The U.S. natural gas rig count fell by 240 rigs in the last year, a 40% decline. Notice how the number of oil rigs rose slightly since a year ago. Those are producers switching from natural gas to oil.
Now look at this natural gas price chart.
When prices hit $2.00, producers cut back on production. Then demand picked up, especially from utility companies. Prices recovered and have now doubled to the $4 area.
HOUSTON'S ENERGY DAY IS BIG SUCCESS! Cities all over North America could emulate this model to interest children in Innovation, Science, Technology, Energy, Engineering and Math!
Energy Day Festival Sparks New Interests for Houston Area Students
Mayor Parker and Event Organizers Urge Students to Pursue Careers in Energy
Houston, TX – Twenty thousand people turned out Saturday to applaud more than 85 Houston area teachers and students who were recognized at the third annual Energy Day Festival. Elementary, middle school and high school age students participated in one of six contests exploring the science and technology behind today’s energy innovations.
The festival in its third year, featuring over 70 exhibitors, set a new attendance record. Local law enforcement estimated over 20,000 people attended the one-day event.
Jim Prentice's LNG message yesterday was as important to Americans as today's commentary may be to future investors in Canada's oil patch! -dh
Take Heart But Take Heed!
Cautious Optimism From Alaska's Oil Patch
Would you rather invest your money in a safe place or an unsafe place?
Spanish oil company, Repsol, has answered that question by shifting its attention from Argentina to Alaska and other more reliable investment areas among the some three dozen member states of the OCED (Organization for Economic Cooperation and Development).
In 1993 Repsol paid $13 Billion for nearly 60% of YPF, the Argentine oil company. In 2010, Repsol discovered a significant oil shale play in an area called Vaca Muerta. In 2011, Argentine President Cristina Fernández de Kirchner took action leading to nationalization of most of Repsol’s YPF interests. Since then, production has declined and the trade deficit has increased. In wake of the expropriation, according to Forbes, “The EU, along with the UK, Mexico, Chile and Colombia” condemned Argentina’s action. The U.S. State Department also condemned nationalization of the company.
Last Friday, at a presentation to Commonwealth North’s Energy Action Coalition, Repsol’s Alaska Operations Manager, Bill Hardham (NGP Photo), told members his company acquired a large lease position in Alaska in 2011 amid peaking tensions in Argentina — as Alaska’s oil tax reform effort was promising an improved investment climate here.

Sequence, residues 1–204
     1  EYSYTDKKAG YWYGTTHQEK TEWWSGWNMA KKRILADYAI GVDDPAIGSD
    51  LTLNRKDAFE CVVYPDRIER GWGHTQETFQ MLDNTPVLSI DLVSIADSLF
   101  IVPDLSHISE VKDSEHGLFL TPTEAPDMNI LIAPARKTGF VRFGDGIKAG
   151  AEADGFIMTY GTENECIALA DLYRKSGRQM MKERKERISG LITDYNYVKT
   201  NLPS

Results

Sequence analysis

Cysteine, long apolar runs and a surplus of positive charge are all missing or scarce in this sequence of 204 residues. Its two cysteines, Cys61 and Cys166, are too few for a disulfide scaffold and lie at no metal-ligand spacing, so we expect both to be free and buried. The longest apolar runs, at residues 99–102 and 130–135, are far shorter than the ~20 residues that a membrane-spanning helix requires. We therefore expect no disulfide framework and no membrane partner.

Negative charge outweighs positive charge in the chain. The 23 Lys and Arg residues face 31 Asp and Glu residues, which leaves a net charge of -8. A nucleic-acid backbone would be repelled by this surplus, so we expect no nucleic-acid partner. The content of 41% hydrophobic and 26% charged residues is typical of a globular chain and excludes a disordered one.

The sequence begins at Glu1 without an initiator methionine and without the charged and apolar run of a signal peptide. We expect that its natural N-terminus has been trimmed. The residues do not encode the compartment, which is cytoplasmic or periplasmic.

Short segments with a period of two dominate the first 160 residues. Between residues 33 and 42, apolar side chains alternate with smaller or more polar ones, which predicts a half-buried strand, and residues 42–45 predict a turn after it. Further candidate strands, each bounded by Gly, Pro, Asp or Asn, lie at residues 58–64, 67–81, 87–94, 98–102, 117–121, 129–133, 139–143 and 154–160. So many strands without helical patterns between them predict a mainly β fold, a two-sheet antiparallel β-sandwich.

Oil tax reform finally did occur later with the 2013 passage of SB 21, though a short time later environmental activists and anti reform legislators -- among others -- promoted repeal of the law via a voters' referendum. The question of whether to repeal oil tax reform will appear on Alaska’s primary ballot next summer.
Recognizing the voters' referendum to repeal tax reform during the primary election next summer, Hardham said that, “We purchased leases and partnered with Armstrong with confidence that Alaska would adopt a tax reform proposal. Repsol remains confident that Alaska voters will see the benefit of filling the pipeline and attracting new investment into the state.”
Hardham briefed members on the company’s significant progress since obtaining its Alaskan stake. In addition to offshore leases in the Chukchi and Beaufort Seas, Repsol has a 70% working interest in and is operator for 700 thousand leased acres on the Alaska North Slope (ANS). In 2012 the company completed 48 miles of ice roads and drilled two exploration wells. Last winter, the company completed 38 miles of ice roads, drilled three wells and identified gravel sources for future operations. This winter, the company is, “well underway with its planning and permitting,” Hardham said, for 22 miles of ice roads, an air strip, 3 wells, appraisal of last year’s work and flow testing.
“We want to be here for the long haul,” Hardham emphasized – more than once.
At conclusion of the presentation, NANA Development Corporation’s Senior Vice President and Chief Operating Officer David Marquez said, “I appreciate your confidence in Alaska voters but what would a vote for oil tax repeal do to your plans?”
“Plans would change,” Hardham said.
Commonwealth North President and University of Alaska – Anchorage Chancellor, Tom Case wondered about ‘surprises’ the company had experienced upon its arrival in Alaska. Hardham spoke of the complexity of the permitting process and said, “Without our very capable consultants, we would have had a very difficult time navigating the regulatory process.”
Another member asked about what ‘we’ could do to help. “The best thing Alaskans could do would be to defeat the referendum to repeal tax reform. Other than that,” he said, “it would be nice if you could lower Alaska’s very high operating costs.” The audience greeted that commentary with knowing smiles and a little ironic laughter.